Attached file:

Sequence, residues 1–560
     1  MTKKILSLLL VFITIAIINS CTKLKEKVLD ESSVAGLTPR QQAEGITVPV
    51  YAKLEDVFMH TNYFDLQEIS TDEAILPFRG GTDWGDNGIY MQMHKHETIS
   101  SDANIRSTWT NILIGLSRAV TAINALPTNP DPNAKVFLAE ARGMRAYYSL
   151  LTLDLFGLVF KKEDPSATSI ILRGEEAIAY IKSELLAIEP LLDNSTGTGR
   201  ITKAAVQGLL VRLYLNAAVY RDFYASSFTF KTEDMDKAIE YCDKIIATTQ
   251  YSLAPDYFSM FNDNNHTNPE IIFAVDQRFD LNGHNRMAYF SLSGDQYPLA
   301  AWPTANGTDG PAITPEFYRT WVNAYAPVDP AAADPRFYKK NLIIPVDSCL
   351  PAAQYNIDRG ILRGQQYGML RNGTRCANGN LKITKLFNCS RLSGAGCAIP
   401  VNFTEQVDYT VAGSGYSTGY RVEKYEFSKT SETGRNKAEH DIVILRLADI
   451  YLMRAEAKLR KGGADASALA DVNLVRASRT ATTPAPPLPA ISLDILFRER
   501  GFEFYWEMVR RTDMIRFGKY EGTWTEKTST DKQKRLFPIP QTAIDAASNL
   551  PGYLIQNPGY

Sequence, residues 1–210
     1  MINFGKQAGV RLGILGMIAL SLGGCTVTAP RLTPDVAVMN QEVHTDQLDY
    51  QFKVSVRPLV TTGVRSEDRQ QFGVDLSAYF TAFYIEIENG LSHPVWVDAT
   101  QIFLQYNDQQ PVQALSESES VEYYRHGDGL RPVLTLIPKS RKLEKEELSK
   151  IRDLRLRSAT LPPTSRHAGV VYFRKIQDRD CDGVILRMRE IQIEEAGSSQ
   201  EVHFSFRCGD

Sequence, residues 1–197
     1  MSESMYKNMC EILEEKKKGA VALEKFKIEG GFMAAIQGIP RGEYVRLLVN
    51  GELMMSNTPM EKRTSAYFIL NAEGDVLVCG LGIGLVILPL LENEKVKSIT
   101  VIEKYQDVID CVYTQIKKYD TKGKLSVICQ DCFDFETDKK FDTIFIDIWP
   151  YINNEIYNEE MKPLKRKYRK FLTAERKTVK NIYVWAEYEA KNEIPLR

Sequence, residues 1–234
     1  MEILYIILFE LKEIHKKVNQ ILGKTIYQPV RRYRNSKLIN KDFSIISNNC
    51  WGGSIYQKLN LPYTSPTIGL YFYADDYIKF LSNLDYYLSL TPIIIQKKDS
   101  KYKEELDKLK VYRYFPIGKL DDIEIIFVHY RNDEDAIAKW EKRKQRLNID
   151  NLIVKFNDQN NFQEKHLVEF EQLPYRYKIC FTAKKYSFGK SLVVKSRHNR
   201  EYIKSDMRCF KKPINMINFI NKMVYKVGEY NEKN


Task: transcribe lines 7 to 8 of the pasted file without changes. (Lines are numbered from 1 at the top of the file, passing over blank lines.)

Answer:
   251  YSLAPDYFSM FNDNNHTNPE IIFAVDQRFD LNGHNRMAYF SLSGDQYPLA
   301  AWPTANGTDG PAITPEFYRT WVNAYAPVDP AAADPRFYKK NLIIPVDSCL